31 Jan Case study: Great Horned Owl with enucleated eye
On November 19th, 2020 a great horned owl with an injured eye, that had been rescued by a member of the public in Duchess, Alberta was transported to Calgary Wildlife by one of our volunteers.
Upon arrival to Calgary Wildlife, our team of wildlife rehabilitators performed an initial intake exam to assess the owl’s condition. Carefully examining the owl for injuries and symptoms of illness, staff ensured they were minimizing any sources of stress during the examination, preventing the owl from going into shock. The owl was very alert and was in good body condition, indicating that she had been able to feed recently. She was exhibiting symptoms of mild dehydration, signs of pain, and presented with an enucleated right eye, which means that the eye had been removed. The wound and tissue surrounding the eye were already in the beginning stages of infection.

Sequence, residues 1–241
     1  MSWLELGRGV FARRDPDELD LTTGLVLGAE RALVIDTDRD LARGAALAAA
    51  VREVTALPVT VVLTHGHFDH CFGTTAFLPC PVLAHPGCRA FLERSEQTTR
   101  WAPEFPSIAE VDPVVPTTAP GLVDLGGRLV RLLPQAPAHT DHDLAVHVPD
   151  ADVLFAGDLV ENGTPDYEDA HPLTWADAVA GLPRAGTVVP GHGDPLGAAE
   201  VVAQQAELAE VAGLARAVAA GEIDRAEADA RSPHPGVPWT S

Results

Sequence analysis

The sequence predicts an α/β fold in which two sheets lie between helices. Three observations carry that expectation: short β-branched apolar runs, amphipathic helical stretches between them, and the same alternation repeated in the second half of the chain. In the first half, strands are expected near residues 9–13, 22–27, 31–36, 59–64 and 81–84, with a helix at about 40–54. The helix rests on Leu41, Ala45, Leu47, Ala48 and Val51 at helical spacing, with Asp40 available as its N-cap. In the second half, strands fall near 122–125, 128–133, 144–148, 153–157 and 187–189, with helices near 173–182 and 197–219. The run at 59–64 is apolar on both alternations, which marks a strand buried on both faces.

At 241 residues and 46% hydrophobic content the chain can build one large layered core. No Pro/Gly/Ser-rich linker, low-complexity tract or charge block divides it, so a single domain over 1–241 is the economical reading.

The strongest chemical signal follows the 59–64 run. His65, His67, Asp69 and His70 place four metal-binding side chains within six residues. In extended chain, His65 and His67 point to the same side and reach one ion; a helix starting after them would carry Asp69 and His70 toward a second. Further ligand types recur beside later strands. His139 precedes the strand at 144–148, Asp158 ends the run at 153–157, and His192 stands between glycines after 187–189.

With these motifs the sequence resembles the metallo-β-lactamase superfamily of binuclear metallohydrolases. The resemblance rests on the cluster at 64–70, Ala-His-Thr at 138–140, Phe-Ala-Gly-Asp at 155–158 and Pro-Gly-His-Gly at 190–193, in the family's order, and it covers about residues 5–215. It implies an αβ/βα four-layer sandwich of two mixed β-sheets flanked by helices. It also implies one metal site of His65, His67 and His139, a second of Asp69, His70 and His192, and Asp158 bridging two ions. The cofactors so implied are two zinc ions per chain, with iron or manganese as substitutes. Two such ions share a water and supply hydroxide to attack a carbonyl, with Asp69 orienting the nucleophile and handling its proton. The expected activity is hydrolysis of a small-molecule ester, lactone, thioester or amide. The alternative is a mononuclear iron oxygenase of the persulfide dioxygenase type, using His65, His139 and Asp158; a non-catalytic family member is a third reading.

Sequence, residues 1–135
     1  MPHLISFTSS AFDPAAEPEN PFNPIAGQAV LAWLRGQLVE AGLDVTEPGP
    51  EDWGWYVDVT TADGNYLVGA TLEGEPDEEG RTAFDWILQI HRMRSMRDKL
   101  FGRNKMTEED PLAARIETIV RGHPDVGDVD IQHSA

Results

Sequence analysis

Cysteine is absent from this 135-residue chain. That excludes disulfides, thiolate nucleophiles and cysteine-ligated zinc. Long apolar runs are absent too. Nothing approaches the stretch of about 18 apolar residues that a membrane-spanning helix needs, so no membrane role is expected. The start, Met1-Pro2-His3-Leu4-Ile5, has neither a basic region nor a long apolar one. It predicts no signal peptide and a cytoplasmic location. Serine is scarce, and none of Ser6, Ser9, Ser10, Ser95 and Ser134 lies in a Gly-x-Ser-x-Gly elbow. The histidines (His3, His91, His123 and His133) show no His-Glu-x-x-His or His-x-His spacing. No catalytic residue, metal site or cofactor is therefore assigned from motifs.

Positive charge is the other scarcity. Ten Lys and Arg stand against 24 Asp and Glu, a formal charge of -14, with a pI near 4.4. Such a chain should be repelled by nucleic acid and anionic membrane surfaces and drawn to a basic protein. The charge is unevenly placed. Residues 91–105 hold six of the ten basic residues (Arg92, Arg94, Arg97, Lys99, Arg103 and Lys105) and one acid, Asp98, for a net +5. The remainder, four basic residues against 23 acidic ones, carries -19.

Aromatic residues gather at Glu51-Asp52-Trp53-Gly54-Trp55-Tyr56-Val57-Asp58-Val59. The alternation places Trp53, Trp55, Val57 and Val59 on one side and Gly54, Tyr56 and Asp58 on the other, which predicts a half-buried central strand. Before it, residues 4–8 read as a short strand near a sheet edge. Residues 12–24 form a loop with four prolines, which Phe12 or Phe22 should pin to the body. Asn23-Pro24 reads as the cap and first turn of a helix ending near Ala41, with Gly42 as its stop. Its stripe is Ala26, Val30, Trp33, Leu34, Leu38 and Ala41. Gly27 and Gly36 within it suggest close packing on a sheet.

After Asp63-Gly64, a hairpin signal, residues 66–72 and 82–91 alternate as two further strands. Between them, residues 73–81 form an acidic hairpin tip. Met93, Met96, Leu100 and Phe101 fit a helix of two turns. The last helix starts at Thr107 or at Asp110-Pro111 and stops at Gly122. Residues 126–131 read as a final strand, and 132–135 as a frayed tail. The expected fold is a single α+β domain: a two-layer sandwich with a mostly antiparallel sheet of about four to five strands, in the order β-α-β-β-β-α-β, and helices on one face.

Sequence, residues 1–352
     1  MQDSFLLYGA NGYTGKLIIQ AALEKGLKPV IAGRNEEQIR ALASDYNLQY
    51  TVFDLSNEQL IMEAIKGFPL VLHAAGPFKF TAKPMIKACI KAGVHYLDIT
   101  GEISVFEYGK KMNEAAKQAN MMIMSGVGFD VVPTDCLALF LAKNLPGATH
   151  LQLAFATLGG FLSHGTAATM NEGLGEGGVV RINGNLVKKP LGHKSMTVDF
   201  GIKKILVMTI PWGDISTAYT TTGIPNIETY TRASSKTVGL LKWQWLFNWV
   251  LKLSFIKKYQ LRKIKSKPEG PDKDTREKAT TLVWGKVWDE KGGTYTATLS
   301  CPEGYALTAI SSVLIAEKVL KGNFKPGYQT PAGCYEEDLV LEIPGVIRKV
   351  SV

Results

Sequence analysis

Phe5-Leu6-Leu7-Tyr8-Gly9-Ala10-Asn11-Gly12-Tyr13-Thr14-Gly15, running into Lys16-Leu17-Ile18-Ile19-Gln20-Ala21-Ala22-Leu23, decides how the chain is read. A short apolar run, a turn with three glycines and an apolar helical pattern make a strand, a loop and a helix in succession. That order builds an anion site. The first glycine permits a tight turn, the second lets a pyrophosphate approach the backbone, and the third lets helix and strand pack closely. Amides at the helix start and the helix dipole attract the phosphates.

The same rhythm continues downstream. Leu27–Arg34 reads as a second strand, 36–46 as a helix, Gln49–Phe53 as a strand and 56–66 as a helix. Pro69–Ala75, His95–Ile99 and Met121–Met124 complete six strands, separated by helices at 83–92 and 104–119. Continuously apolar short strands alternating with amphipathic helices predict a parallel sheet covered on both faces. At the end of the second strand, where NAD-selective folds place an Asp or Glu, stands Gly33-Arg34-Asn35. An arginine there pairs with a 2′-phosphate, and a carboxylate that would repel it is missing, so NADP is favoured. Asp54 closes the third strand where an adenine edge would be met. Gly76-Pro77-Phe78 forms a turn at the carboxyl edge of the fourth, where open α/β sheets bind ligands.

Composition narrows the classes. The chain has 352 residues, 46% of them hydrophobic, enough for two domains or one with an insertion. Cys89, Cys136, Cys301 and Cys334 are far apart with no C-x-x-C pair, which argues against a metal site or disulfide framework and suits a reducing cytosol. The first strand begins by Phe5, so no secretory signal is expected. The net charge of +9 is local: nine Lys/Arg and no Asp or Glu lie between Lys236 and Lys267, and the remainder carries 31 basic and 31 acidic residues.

The owl was assessed by one of our veterinarians, who recommended surgery to remove any of the eye tissue that was still remaining, and to close the wound to promote healing and prevent further infection.
On November 27th, staff prepared the owl for surgery. The surgery was a success and the owl recovered in our facility, feeding and gaining strength while under monitoring from our staff.
Following recovery the owl was moved outside to prepare for release.
On January 5th, 2021, after 48 days in care, the great horned owl was returned to the wild in Duchess, Alberta, where she immediately flew off.
Wildlife rehabilitator, Breanne Marois, put together a full case study of the owl, the procedure, and successful release. You can read the full case study here.
Success stories like this are only possible with the support of donations from community supporters. Please consider donating to Calgary Wildlife to allow us to continue this life-saving work.